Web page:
Automated pediatric cardiac auscultation

De Vos, Jacques Pinard
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Stellenbosch : University of Stellenbosch
Most of the relevant and severe congenital cardiac malfunctions can be recognized in the neonatal period of a child’s life. The delayed recognition of a congenital heart defect may have a serious impact on the long-term outcome of the affected child. Experienced cardiologists can usually evaluate heart murmurs with a high sensitivity and specificity, although non-specialists, with less clinical experience, may have more difficulty. Although primary care physicians frequently encounter children with heart murmurs most of these murmurs are innocent. The aim of this project is to design an automated algorithm that can assist the primary care physician in screening and diagnosing pediatric patients with possible cardiac malfunctions. Although attempts have been made to automate screening by auscultation, no device is currently available to fulfill this function. Multiple indicators of pathology are nonetheless available from heart sounds and were elicited using several signal processing techniques. The three feature extraction algorithms (FEA’s) developed respectively made use of a Direct Ratio technique, a Wavelet analysis technique and a Knowledge based neural network technique. Several implementations of each technique are evaluated to identify the best performer. To test the performance of the various algorithms, the clinical auscultation sounds and ECG-data of 163 patients, aged between 2 months and 16 years, were digitized. Results presented show that the De-noised Jack-Knife neural network can classify 163 recordings with a sensitivity and specificity of 92 % and 92.9 % respectively. This study concludes that, in certain conditions, the developed automated auscultation algorithms show significant potential in their use as an alternative evaluation technique for the classification of heart sounds in normal (innocent) and pathological classes.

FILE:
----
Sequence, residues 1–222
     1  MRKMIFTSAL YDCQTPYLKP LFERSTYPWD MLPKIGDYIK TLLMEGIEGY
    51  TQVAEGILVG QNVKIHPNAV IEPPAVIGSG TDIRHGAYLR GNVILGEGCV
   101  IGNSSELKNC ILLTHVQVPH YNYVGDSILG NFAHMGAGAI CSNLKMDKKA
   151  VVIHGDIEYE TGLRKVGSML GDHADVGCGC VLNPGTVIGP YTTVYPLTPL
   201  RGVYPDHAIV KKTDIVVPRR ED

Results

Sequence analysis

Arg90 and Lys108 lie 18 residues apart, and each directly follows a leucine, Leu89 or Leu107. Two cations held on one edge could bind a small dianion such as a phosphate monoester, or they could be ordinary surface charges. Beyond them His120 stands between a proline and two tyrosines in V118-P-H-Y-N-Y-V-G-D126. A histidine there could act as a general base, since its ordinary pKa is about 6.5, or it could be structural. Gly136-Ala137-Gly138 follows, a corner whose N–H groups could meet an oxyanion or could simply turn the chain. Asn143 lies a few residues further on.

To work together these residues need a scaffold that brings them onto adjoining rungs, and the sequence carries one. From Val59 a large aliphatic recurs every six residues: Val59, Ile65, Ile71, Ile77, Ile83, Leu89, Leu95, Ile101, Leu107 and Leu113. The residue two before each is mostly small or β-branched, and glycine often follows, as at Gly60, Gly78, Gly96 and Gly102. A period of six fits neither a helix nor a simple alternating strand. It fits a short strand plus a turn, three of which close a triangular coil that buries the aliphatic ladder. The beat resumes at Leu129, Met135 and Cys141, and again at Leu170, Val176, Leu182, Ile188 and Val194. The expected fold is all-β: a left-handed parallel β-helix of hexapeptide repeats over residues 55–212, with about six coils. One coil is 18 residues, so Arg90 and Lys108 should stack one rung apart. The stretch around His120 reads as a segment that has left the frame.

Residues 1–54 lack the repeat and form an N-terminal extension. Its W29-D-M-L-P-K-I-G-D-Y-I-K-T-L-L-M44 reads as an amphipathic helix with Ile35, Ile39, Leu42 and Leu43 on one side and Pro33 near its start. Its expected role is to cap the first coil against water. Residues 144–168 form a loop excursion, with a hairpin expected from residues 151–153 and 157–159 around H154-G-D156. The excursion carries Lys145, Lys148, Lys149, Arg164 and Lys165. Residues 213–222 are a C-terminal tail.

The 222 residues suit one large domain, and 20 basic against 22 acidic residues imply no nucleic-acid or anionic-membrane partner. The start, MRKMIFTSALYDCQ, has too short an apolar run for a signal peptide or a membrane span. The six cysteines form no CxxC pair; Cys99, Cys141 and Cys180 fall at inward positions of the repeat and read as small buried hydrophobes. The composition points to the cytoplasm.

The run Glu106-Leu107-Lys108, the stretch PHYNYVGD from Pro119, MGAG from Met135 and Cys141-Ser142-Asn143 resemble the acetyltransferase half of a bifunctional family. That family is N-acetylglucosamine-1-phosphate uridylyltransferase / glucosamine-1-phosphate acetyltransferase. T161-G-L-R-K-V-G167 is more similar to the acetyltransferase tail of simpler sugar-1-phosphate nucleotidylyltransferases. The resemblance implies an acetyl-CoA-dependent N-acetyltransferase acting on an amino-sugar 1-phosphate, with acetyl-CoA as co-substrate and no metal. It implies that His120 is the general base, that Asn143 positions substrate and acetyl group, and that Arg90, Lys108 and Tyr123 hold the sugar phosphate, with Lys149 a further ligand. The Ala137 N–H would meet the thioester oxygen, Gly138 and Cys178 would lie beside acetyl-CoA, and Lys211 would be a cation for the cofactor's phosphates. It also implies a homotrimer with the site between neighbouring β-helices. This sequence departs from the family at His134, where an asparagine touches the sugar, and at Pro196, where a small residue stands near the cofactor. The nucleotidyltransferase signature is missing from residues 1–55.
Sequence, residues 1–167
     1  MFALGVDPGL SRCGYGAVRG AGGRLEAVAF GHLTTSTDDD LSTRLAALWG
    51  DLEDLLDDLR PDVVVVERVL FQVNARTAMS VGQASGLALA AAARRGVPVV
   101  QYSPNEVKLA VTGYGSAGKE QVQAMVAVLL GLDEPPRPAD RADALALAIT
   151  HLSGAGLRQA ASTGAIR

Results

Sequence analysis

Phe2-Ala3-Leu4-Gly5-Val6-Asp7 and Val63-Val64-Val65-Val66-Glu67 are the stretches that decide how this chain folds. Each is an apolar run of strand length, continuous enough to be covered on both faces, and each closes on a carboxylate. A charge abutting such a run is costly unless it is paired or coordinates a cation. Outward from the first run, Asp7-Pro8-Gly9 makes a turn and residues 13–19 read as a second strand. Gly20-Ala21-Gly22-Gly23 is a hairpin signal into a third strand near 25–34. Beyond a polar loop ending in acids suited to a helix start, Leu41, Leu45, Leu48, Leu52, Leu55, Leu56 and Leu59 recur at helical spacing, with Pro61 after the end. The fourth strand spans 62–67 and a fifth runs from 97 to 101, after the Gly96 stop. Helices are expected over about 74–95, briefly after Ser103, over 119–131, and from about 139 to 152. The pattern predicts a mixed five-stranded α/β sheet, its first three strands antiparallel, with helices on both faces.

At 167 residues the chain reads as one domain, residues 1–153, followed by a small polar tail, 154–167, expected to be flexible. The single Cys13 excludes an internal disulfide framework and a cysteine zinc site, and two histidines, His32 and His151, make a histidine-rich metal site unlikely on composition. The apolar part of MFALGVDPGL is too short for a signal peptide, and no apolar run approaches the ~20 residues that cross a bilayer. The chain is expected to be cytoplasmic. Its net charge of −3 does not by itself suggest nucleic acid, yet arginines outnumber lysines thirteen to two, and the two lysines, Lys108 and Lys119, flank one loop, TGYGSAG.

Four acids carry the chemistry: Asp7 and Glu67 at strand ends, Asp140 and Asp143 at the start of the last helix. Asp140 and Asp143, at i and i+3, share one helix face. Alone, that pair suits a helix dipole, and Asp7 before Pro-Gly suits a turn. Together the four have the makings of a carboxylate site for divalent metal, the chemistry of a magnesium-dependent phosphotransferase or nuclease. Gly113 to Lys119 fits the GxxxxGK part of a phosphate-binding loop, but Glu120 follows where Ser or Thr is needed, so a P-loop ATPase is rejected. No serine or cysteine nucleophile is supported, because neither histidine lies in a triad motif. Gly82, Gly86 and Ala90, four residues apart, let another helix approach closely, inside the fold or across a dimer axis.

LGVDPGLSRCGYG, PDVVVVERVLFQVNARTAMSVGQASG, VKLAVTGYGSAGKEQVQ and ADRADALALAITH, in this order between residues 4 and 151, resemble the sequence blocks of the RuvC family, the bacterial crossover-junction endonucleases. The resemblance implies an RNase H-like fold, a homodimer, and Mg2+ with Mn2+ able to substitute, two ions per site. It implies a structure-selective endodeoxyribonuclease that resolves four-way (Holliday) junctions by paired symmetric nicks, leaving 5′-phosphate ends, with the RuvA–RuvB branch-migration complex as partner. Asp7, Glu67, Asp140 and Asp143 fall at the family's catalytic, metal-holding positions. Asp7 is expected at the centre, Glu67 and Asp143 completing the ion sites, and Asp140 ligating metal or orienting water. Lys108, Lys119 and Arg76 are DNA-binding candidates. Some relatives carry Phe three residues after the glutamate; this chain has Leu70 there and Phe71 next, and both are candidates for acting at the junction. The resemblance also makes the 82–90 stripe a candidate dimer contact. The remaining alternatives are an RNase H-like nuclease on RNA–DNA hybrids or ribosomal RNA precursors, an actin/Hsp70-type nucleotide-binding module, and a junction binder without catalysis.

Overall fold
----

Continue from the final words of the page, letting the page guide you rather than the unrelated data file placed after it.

Thesis (MScEng (Electrical and Electronic Engineering))--University of Stellenbosch, 2005.
Biomedical engineering, Heart murmurs, Heart sounds, Children -- Diseases -- Diagnosis, Dissertations -- Electronic engineering, Theses -- Electronic engineering